As anyone who has ever been in serious psychotherapy is well aware, the process of personal growth isn’t always easy. We must face our own ugliness. . . . You end up seeing things about yourself that maybe you’d rather not see. We have a lot of armor that has accumulated in front of our hearts—a lot of fear self-righteously masquerading as something else. . . . [And usually] [w]e . . . must become painfully aware of the unworkability of a pattern before we’re willing to give it up. It often seems, in fact, that our lives get worse rather than better when we begin to work deeply on ourselves. [But] life doesn’t actually get worse; it’s just that we feel our own transgressions more because we’re no longer anesthetized by unconsciousness. We’re no longer distanced through denial or dissociation from our own experience. We’re starting to see the truth about the games we play.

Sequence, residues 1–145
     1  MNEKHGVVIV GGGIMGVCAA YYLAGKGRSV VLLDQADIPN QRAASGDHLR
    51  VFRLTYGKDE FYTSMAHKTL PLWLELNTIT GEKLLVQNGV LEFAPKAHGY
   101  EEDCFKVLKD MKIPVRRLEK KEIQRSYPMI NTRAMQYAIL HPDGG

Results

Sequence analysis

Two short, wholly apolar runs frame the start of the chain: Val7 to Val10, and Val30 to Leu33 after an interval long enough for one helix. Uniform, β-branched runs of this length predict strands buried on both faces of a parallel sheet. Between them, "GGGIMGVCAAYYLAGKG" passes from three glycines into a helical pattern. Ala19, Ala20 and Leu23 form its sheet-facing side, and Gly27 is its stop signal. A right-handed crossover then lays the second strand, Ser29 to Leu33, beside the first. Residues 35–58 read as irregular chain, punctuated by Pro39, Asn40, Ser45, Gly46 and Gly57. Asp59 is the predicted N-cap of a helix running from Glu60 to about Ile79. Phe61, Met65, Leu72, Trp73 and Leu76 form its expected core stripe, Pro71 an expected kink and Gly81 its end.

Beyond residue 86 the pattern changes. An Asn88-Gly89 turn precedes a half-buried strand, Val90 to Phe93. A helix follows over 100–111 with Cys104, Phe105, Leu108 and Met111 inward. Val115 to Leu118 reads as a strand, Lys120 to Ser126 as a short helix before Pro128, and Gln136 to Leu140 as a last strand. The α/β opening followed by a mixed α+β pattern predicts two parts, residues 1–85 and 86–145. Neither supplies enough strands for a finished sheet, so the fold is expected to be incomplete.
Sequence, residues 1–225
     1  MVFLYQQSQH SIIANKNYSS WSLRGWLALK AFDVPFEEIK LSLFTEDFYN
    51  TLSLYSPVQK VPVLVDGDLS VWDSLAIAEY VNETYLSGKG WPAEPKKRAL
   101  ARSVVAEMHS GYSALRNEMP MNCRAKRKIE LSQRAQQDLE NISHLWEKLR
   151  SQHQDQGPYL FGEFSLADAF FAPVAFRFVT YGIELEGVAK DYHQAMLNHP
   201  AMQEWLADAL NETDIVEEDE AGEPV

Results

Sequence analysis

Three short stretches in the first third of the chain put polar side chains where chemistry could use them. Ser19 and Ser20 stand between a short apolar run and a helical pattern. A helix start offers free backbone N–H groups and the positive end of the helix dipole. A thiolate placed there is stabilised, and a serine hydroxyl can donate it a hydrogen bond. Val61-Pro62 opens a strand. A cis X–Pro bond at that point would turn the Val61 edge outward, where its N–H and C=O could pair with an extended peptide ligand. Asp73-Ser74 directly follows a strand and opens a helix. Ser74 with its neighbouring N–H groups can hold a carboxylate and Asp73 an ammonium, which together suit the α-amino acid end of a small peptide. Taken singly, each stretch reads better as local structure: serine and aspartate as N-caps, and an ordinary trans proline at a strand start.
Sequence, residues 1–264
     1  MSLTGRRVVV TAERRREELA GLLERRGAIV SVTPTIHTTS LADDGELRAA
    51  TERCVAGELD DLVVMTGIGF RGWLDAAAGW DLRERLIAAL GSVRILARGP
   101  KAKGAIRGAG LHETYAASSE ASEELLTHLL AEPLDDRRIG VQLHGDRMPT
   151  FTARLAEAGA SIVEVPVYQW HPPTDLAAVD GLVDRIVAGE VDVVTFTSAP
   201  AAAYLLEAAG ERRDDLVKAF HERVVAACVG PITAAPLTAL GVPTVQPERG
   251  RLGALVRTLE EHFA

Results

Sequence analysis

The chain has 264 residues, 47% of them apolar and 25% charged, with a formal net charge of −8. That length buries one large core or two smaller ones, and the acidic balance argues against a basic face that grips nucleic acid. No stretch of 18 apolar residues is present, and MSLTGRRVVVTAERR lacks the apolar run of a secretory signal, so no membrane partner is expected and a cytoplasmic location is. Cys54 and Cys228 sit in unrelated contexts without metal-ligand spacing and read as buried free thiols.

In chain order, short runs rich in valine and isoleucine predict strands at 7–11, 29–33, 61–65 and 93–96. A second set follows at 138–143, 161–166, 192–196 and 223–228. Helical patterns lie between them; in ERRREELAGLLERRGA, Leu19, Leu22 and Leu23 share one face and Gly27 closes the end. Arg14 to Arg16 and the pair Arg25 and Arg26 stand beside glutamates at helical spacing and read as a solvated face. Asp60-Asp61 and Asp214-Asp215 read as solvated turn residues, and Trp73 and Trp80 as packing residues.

This process can be so painful that we are tempted to go backwards. It takes courage. This is often called the path of the spiritual warrior—to endure the sharp pains of self-discovery rather than choose to take the dull pain of unconsciousness that would last the rest of our lives.
– Marianne Williamson, “A Return to Love,” pp. 132-133